1. The Viziers, governors-general, were appointed by the Shah and represented the Shah.

2. The "prince-governors," who were the royal family's off-spring, ruled provinces with little or no accountability.

3. Local self-governors, who had hereditary claims and ruled such as tribal Khans, district deputy governors, and Kalantars, were the supervisors of the villages and the powerful landowners.

4. Finally, the ulama, the "scholars of Islamic laws," possessed increasing power over the nation.

All positions and titles came with a price, yearly dues or gifts paid to the king's own account. While Russia bordered Iran and annexed lands to their realm with ease, the United Kingdom had different circumstances and required a different strategy. British domination of the Persian Gulf ports of Fars and Khuzestan Provinces made them independent from Tehran. In confederacy with Arab Shi'a institution, Britain did very well.

During Nasser o-Din Shah's reign, 1848-1896, Western science, technology, and educational methods were introduced into Iran and the country's modernization began. Nasser o-Din Shah tried to exploit the mutual distrust between Great Britain and Russia to preserve Iran's independence, but foreign interference, Arab Shiite Institution and territorial encroachment increased under his rule. He was not able to prevent Britain and Russia from encroaching into regions of traditional Iranian influence. In the structure of the Great Game played by the Anglo-Russian competition for authority in Central Asia, the British enlisted and armed Arabs of southern Iran to fight a war against Persians in Afghanistan. The British needed Afghanistan as a buffer state against Russian expansion toward India.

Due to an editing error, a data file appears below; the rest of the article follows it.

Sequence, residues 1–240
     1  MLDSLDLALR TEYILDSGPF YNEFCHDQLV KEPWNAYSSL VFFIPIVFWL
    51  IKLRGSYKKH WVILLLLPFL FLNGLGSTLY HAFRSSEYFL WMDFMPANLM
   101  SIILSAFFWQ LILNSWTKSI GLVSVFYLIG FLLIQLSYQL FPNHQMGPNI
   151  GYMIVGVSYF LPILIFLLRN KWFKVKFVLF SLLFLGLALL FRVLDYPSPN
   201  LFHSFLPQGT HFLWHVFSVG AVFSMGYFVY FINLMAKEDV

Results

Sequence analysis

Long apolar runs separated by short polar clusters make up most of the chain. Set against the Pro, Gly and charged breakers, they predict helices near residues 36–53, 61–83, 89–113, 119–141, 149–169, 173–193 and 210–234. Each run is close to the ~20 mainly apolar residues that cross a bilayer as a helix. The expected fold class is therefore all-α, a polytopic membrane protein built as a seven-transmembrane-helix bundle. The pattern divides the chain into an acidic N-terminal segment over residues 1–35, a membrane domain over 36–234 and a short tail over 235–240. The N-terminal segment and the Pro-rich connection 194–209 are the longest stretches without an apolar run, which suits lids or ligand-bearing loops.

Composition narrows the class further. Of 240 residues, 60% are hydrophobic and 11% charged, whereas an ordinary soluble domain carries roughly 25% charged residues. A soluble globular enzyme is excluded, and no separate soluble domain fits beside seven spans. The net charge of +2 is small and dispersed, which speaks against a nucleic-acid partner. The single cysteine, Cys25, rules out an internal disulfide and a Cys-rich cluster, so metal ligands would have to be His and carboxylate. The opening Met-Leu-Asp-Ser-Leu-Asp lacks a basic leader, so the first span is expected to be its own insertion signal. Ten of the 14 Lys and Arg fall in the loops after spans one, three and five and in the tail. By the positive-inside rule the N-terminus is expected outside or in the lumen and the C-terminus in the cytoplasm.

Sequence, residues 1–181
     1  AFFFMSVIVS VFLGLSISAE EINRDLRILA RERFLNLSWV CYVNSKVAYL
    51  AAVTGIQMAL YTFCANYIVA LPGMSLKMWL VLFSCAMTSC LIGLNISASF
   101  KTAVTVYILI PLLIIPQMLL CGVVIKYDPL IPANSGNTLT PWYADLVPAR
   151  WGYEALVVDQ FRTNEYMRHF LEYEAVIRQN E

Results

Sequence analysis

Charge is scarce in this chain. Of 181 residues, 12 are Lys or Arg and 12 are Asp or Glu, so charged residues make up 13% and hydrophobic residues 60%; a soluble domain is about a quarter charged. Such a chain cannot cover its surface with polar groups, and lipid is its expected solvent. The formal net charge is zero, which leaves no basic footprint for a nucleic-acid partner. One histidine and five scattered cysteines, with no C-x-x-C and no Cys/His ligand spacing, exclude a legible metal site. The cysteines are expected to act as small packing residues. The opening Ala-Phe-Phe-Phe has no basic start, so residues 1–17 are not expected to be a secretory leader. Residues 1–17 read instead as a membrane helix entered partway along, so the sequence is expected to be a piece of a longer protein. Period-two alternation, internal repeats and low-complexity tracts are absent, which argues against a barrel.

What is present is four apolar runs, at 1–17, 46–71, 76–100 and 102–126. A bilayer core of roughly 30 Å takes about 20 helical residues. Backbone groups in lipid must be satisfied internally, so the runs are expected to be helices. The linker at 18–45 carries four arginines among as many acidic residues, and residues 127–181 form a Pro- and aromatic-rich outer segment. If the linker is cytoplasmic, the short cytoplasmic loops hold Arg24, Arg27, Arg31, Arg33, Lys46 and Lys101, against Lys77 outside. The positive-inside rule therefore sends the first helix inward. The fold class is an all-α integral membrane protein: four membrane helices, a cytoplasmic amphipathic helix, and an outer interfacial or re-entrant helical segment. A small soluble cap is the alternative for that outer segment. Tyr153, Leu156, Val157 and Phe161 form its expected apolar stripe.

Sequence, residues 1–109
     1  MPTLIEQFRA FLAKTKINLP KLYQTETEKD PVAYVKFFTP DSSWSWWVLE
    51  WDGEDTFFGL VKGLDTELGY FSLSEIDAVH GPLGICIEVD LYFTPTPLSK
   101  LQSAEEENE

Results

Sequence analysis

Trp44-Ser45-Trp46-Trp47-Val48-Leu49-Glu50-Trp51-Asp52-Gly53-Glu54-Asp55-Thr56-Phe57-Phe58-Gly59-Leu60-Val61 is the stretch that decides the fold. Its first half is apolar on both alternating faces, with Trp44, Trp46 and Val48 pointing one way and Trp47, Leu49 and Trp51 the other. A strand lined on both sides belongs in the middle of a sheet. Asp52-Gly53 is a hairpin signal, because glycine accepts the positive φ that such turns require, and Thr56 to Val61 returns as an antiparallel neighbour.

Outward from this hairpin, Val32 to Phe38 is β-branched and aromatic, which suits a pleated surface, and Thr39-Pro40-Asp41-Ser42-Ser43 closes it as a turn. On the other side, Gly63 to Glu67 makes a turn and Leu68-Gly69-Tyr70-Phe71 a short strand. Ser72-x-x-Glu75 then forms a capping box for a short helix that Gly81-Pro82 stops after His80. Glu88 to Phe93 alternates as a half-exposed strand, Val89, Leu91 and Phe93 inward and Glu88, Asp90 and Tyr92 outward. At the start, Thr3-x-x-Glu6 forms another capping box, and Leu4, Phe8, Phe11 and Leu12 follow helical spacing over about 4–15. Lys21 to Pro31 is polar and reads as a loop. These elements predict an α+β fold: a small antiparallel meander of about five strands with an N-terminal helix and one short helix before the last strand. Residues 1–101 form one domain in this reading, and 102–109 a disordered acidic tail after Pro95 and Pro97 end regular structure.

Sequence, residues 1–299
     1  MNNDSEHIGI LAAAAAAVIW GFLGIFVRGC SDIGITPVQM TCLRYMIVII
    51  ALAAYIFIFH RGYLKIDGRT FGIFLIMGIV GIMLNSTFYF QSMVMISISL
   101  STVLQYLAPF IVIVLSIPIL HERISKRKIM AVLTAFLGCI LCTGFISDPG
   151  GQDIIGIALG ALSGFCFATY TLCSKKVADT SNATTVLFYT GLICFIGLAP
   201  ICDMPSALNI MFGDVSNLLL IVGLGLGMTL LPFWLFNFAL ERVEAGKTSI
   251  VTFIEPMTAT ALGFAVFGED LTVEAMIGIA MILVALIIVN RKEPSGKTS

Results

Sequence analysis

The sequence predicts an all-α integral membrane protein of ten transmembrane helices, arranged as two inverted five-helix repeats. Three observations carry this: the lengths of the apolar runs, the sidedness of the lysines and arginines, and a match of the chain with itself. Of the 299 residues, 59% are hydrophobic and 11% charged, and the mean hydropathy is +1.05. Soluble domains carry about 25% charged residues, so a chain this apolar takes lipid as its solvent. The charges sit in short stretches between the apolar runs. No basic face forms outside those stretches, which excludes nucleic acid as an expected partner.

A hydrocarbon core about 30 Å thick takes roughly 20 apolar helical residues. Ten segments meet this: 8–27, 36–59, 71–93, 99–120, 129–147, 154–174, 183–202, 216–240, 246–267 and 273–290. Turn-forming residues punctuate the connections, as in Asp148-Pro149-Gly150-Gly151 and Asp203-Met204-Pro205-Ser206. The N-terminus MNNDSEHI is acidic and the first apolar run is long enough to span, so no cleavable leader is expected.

In 1856, Britain prevented Iran from reasserting control over Herat, which had been part of Iran since Safavid times but had been under non-Iranian rule since the mid-eighteenth century. Britain supported the city's incorporation into Afghanistan, a country Britain helped create in order to extend eastward the buffer between its Indian territories and Russia's expanding empire. The war of 1856 resulted in Persia withdrawing from Herat and signing a new treaty in which the Qajar regime surrendered its claims on Afghanistan, and the British withdrew from southern Persia.

These occurrences were the earliest example of Iran's expatriate Arabs helping a foreign power. The unpatriotic action of the Arab clerics and the general Arabian population along the southern part of Iran became the focus of many writers criticizing all Arab-Iranians. Taking advantage of a nation's weak government, Arabs dominated the southern part of Iran (Khuzestan) and worked diligently to annex that part to Arabia. In fact, at one time, the Southern province of Iran was called "Arabistan," or the "land of Arab."